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Mt. Gassan Mt. Gassan

Japan Heritage—Dewa Sanzan

Hike Yamagata's mystical mountains on a pilgrimage to rebirth

Yamagata Prefecture is home to three scenic and culturally important mountains, Mt. Haguro, Mt. Gassan and Mt. Yudono, known collectively as the Dewa Sanzan . Revered as the homes of the gods, the tradition of Japanese nature worship remains alive in these mountains. According to the Shugendo ascetic faith that developed here, the pilgrimage through these mountains is a journey through the present, past, and into the future.

Don't Miss

  • The wooden pagoda near the base of Mt. Haguro, a National Treasure said to have been built in 937
  • Sweeping vistas from the shrine on the summit of Mt. Gassan
  • The fiery Shoreisai festival held at the top of Mt. Haguro on New Year's Eve

How to Get There

Tsuruoka Station is the nearest transport hub for the Dewa Sanzan mountains. Buses run regularly to Mt. Haguro, where connections to Mt. Gassan and Mt. Yudono are possible in peak season.

For Mt. Haguro, take the Shonai Kotsu bus and alight at Zuishinmon (40-minutes) if you plan on hiking the mountain. If not, you can ride the bus all the way to the summit (60-minutes).

Buses operate from the summit of Mt. Haguro and serve the 8th Station on Mt. Gassan regularly during July and August, and only on weekends during September. The journey takes 55-minutes.

Mt. Yudono is not accessible by public transport on weekdays throughout the year. Buses from the summit of Mt. Haguro serve Mt. Yudono on weekends during peak season only. Hiking from the bus stop on Mt. Gassan is possible and will take around six hours.

Quick Facts

Mt. Gassan is the tallest of the three mountains at 1984 meters

Mt. Haguro is the only mountain accessible year-round

The Dewa Sanzan mountains are one of the spiritual homes of Shugendo, a form of religious syncretism that places importance on ascetic practices


Everything begins at Mt. Haguro, the mountain of the present that fulfills the worldly needs of living people. In addition to being the most easily accessible of the three peaks, the trail from the base is well-marked and winds through cedar forests. About ten minutes into the hike, you will come across a five-storied pagoda dating to 937—a registered National Treasure—and a teahouse slightly further along the trail. If you would like to learn about Shugendo and the area's history and religious value, call in at the Ideha Museum near the trailhead before beginning your hike.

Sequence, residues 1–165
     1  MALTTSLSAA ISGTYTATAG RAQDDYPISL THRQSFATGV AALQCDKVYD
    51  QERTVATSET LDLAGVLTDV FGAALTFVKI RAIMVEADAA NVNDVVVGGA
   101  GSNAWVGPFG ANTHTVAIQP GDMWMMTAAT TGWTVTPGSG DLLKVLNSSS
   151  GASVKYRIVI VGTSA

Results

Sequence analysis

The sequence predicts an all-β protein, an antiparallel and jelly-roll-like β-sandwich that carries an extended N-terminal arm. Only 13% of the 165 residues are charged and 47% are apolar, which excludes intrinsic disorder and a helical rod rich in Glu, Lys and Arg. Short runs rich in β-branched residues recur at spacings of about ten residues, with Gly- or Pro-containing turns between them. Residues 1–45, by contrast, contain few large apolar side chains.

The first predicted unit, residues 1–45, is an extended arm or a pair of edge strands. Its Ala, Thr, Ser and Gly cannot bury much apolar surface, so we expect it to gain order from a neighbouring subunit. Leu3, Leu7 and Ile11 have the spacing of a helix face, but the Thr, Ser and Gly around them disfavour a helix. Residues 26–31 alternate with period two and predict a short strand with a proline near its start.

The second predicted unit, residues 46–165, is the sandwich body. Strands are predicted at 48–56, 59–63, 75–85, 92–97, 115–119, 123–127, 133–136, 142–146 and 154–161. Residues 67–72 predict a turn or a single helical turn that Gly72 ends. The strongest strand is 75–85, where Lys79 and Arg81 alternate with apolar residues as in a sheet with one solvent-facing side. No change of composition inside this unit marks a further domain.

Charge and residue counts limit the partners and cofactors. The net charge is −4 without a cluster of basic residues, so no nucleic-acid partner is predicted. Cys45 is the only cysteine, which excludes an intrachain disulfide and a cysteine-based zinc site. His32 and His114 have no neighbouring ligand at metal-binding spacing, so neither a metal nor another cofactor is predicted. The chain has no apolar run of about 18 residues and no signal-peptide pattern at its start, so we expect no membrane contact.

After passing the pagoda, you will begin a gentle ascent up a flight of 2,446 shallow stone steps. Although easy to walk, it is important to wear comfortable shoes with non-slip soles, especially after it has been raining. Expect the journey to the shrine on the summit to take around an hour.

Standing tall

Mt. Gassan, the tallest mountain (1,984 meters), is the mountain of the past where spirits of the deceased are said to dwell in peace. The climb to the top begins at the 8th Station, accessible by bus from the summit of Mt. Haguro between July and September. It's a relatively easy ascent through rolling plains and shouldn't take more than three hours to the top. From the shrine at the summit, you will be rewarded with sweeping vistas of the surrounding area.

The road to rebirth

Mt. Yudono is the most sacred and mysterious of the three mountains, where hot springs gush forth from between red boulders, symbolizing the birth of new life and the future. The trail to Mt. Yudono from the summit of Mt. Gassan is the most challenging of the trails, involving steel ladders at times. It is, however, also arguably the most scenic, passing through dense forest and past waterfalls where Shugendo practitioners conduct spiritual training. Expect it to take around three or four hours to reach the shrine of rebirth atop Mt. Yudono.

Festivals and events

Numerous events and festivals are held throughout the year at the Dewa Sanzan Shrine atop Mt. Haguro. These include the Flower Festival on July 14 and 15 which features portable shrine processions, music, and other performances, but it is the fiery Shoreisai festival on New Year's Eve that steals the show. Amid the snow, teams compete to drag and then burn flaming straw effigies of a menacing demon at their prescribed spots. The festival is the reenactment of a legend and is said to date back more than a millennium.

Further afield

After visiting the Dewa Sanzan mountains consider taking the Uetsu Main Line along the coast from Tsuruoka to Akita , around two hours by express train. Alternatively, you can go south along the coast to Niigata , where ferry connections to Sado Island are possible. If you want to explore the Pacific East Coast, take a train from Tsuruoka to Sendai .


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